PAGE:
While that level of coworking is unusual between two physicians, Yakubov says the new technologies require lots of thought and expertise. "It's been rewarding to have multiple positions working together," he says. The level of collaboration between specialties has encouraged cooperation within the institution overall, he believes.
There are 13 dedicated physicians on the center team. Greta Robb, RN, is the clinical research manager for the center. The research staff includes nurses and research coordinators whom Yakubov calls the "backbone" of the program. Ancillary medical professionals including anesthesiologists, cardiologists, surgeons and radiologists are involved in the center's work. Dr. Bruce Vanderhoff, senior vice president and chief medical officer of Ohio Health, oversees this and all other programs within the Research and Innovation Institute.
Even physicians from outside OhioHealth have approached the research center to help patients with their innovative devices. "Many physicians in outlying communities know that if there's a patient with a particular problem, they can call us to say, 'Is there something that's not currently commercially available that you can offer to these patients?' because they're often very sick," Yakubov says.
Clinical trials cost money. The structural heart center's clinical trials are not profitable for OhioHealth. The return on investment is the reputation the work develops for the structural heart program as a leader in innovative cardiac care.
"We're not there to make money. We try not to lose money, but we also try to bring the current latest technology to patients," Yakubov says. The Centers for Medicare & Medicaid Services, a federal Department of Health and Human Services agency, provides funding support for FDA-approved technologies.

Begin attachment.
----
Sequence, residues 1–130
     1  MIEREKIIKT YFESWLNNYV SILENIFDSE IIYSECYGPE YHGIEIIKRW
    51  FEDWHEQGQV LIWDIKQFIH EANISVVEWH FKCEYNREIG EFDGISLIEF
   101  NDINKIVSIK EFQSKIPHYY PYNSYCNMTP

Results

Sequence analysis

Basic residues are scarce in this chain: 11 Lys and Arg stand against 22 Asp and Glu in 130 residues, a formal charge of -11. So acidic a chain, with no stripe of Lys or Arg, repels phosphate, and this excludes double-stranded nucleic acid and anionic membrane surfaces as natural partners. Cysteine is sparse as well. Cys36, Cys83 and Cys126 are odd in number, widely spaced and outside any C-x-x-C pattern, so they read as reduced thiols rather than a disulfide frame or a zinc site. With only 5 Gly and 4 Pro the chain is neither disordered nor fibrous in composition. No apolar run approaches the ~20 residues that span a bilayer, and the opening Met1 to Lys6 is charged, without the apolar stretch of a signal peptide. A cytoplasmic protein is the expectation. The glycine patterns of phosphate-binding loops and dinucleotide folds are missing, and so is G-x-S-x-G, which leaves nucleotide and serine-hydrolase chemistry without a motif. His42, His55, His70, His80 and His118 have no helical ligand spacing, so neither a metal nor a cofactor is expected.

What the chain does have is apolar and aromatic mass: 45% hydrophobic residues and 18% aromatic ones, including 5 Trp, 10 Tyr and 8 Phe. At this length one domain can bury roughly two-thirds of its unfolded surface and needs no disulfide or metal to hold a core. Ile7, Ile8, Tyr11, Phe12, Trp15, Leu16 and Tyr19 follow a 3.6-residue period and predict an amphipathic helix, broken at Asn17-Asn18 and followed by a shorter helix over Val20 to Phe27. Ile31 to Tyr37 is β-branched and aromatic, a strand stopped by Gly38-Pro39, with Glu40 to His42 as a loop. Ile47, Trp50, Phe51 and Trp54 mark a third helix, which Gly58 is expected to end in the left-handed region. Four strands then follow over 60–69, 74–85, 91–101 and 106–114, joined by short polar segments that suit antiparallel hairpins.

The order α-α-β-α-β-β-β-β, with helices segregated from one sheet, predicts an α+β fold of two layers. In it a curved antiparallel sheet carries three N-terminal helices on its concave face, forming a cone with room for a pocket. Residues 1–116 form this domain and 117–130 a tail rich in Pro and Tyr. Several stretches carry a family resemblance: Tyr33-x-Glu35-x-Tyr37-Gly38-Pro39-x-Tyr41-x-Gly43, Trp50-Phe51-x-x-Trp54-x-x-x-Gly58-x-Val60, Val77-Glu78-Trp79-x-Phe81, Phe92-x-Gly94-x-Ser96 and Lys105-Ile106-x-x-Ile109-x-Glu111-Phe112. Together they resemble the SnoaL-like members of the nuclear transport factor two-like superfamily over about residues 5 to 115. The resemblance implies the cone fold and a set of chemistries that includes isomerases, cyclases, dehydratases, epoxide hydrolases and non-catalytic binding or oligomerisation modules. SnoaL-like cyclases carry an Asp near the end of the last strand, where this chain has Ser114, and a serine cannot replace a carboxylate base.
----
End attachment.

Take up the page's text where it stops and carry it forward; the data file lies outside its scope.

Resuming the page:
Many private insurers do not cover the cost of investigational trials, a cost-cutting that represents an "irresponsible" limiting of treatment options, Yakubov says.
"We're trying to offer these therapies in the best interest of the patient, and once in a while we feel like they're withholding the best available care to the patient," he says.
As long as OhioHealth continues to support the program, it will strive to deliver better products and stay abreast of the latest investigational trials. "Prov(ing) that these technologies work, and transition(ing) them to commercial products so that all physicians are able to deliver these technologies and this type of care to their patients," is the long-term mission of Yakubov and the Structural Heart Disease Patient Evaluation and Research Center team.
Top executives: Dr. Bruce Vanderhoff, senior vice president and chief medical officer of Ohio Health; Dr. Steven Yakubov, medical chief of OhioHealth Structural Heart Disease Program and medical director of the OhioHealth Research and Innovation Institute; Greta Robb, RN, clinical research manager of the OhioHealth Research and Innovation Institute and Structural Heart Disease Patient Evaluation and Research Center
Mission: Works with the OhioHealth Research and Innovation Institute to provide patients timely access to clinical research trials, offering innovative procedures and treatments; conducts the necessary research to move devices and treatments through rigorous FDA-approval processes, bringing them to the commercial market